Japan Arts and Architecture in the 20th Century

By | January 25, 2022

In the modern age, between the periods of the Taisho reign (1912-26), Showa (1926-89) and the current Heisei reign (1989-), the expressive forms of Japanese art directly participate in the various movements and currents of contemporary art, as regards both Yōga production and Nihonga trends. All the historical avant-gardes (including Italian Futurism) feed the creative process of Japanese artists between the two wars; many travel abroad, or move to Europe; some adhere to the so-called Paris School. On the threshold of the Second World War, an exasperated nationalism leads to the repression of associations and groups which, moreover, after the conflict are fully inserted in the panorama of contemporary art. Among the movements of international scope, with exhibitions, events-shows, Gutai (“Concreto”), born in 1950 and for just over twenty years a reference model on the outcomes of informal and pop-art, and the Monoha group (“School of things”), which in the 1970s promoted the research on the materials of the work of art and the relationships between it and the environment. Both in painting and sculpture, but also in graphics and industrial design, Japanese artists experiment with new forms and new languages. The cultural identity of tradition intervenes in the formulation of proposals and research which also use, as means and forms of expression, the tools of computer graphics, video art, virtual reality systems and installations.

According to Beautypically, between 1917 and 1922 FL Wright built the Imperial Hotel in Tokyo, the first great example of his encounter with Japanese architecture. Remarkable influence is also exercised by the permanence in Japan by A. Raymond (1888-1976), who interprets the forms of Japanese architecture through the spirit of the modern movement. In the period between the two wars, contacts are established between Japanese architects and the major European masters: W. Gropius, L. Mies van der Rohe, B. Taut (who has worked in Japan since 1933) and Le Corbusier. The results are fruitful, as those same elements of rationality proposed by Western rationalism are typical of the Japanese architectural tradition. At the end of the First World War young people, influenced by international modern architecture, move away from the trend that imitates more traditional European tastes: Shin’ichirō Okada and Riki Sano follow the rationalist current, while Kikuji Ishimoto, Sutemi Horiguchi and Mamoru Yamada are closer to expressionism. Also worthy of mention are Bunzō Yamaguchi, Isoya Yoshida and Tōgo Murano. The involution of the regime halts the tendencies towards the modern movement, even if there are attempts to reconcile Japanese architecture with Western architecture by, among others, Shin’ichirō Okada and Chūta Itō. Yoshida Isoya is credited with having modernized the traditional sukiya style of residential architecture with taste and intelligence.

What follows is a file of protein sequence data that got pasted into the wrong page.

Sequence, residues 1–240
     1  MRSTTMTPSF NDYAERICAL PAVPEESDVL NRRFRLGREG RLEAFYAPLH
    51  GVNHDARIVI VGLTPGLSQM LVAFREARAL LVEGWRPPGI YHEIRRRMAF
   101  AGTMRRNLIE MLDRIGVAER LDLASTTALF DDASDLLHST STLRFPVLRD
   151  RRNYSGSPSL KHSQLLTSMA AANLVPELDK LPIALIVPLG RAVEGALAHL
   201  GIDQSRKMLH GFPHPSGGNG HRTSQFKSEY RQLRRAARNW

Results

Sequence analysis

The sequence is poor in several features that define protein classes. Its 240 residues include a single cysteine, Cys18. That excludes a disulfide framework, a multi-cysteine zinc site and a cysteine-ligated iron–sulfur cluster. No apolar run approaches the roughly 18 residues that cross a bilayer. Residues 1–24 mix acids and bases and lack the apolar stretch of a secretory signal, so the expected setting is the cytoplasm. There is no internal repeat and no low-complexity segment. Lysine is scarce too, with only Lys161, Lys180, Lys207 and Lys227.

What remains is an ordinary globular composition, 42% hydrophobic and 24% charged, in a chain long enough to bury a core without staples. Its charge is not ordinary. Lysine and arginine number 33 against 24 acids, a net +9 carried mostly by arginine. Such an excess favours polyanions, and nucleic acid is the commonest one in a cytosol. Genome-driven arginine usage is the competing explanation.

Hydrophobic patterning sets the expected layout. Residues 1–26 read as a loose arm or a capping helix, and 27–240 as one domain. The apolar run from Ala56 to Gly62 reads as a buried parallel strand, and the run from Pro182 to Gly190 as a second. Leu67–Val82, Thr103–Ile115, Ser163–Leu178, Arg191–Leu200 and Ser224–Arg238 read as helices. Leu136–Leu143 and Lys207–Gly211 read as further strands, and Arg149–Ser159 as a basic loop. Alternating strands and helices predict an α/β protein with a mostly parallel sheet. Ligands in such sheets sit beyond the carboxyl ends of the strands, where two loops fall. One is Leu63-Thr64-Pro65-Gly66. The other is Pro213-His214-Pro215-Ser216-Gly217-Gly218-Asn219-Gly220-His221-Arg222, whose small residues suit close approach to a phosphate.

After the Second World War, the debate on architecture resumed thanks to Tōgo Murano, the American A. Raymond and young people, such as Junzō Sakakura, Kenzō Tange, Kunio Maekawa, Kiyonori Kikutake: the work of the latter does not arise as a continuity but as a critical break with the same ideals of functionalism, in a research that imposes itself as highly original and autonomous in the face of world architecture. The new attitude, since the 1950s, can be seen not only in individual buildings or complexes of profound spiritual significance (Peace Park in Hiroshima, Olympic Stadium and Cathedral in Tokyo, Tange; Kyoto Civic Center in Maekawa) but in the daring vision of the new city, elaborated above all by Tange and his group, which is also responsible for the new city hall of Tokyo. In addition to examples of urban planning progressively realized in Japan, the proposals (marine city, space city, etc.) of avant-garde groups such as Metabolism and, in the last quarter of the 20th century, by Fumihiko Maki, Arata Isozaki, Kazuo Shinohara, Kisho Kurokawa, Tadao Andō, Toyo Itō. Also following the slowdown in economic growth of the 1990s, Japan has stopped the season of great competitions and futuristic architectures that hinged on the most advanced technological solutions and the most innovative materials, just as the initiatives of avant-garde that even the most qualified Western architects had recalled to Japan Alongside the most striking creations of Makoto Sei Watanabe, Shin Takamatsu, Itsuko Hasegawa and Kurokawa, linked to an emphatic architecture still of technological derivation, original trends have gradually established themselves that have recovered the traditional essentiality of local architectural taste. Interpreters are Teronobu Fujimori (Jinchokan Moriya Historical Museum, Nagano, 1991; Akino Fuku Museum, Shizuoka, 1998), Shoei Yoh (Children training house, Kanada, 1994; community center and nursery school, Naiju, 1997), Kengo Kuma (center cultural Hayaa, Kanagawa, 1999), Hiroshi Naitō (Sea-Folk Museum, Shima, 1995). Isozaki’s own architectures have been affected by this change (Museum of Contemporary Art, Nagi, 1994; tea house, Tokyo, and pavilion for worship in the prefecture, Toyama, 1996) as well as the latest works by Itō, Andō and Maki. Among the exponents of the younger generation should be mentioned Hiroyuki Wakabayashi, Mika Koizumi, Shigeru Ban, known for his emergency constructions in cardboard tubes (paper church, Kobe, 1995) and the Sanaa studio of Kazuyo Sejima and Ryue Nishizawa, both an international reference point of the minimalist current.

Japan Arts and Architecture in the 20th Century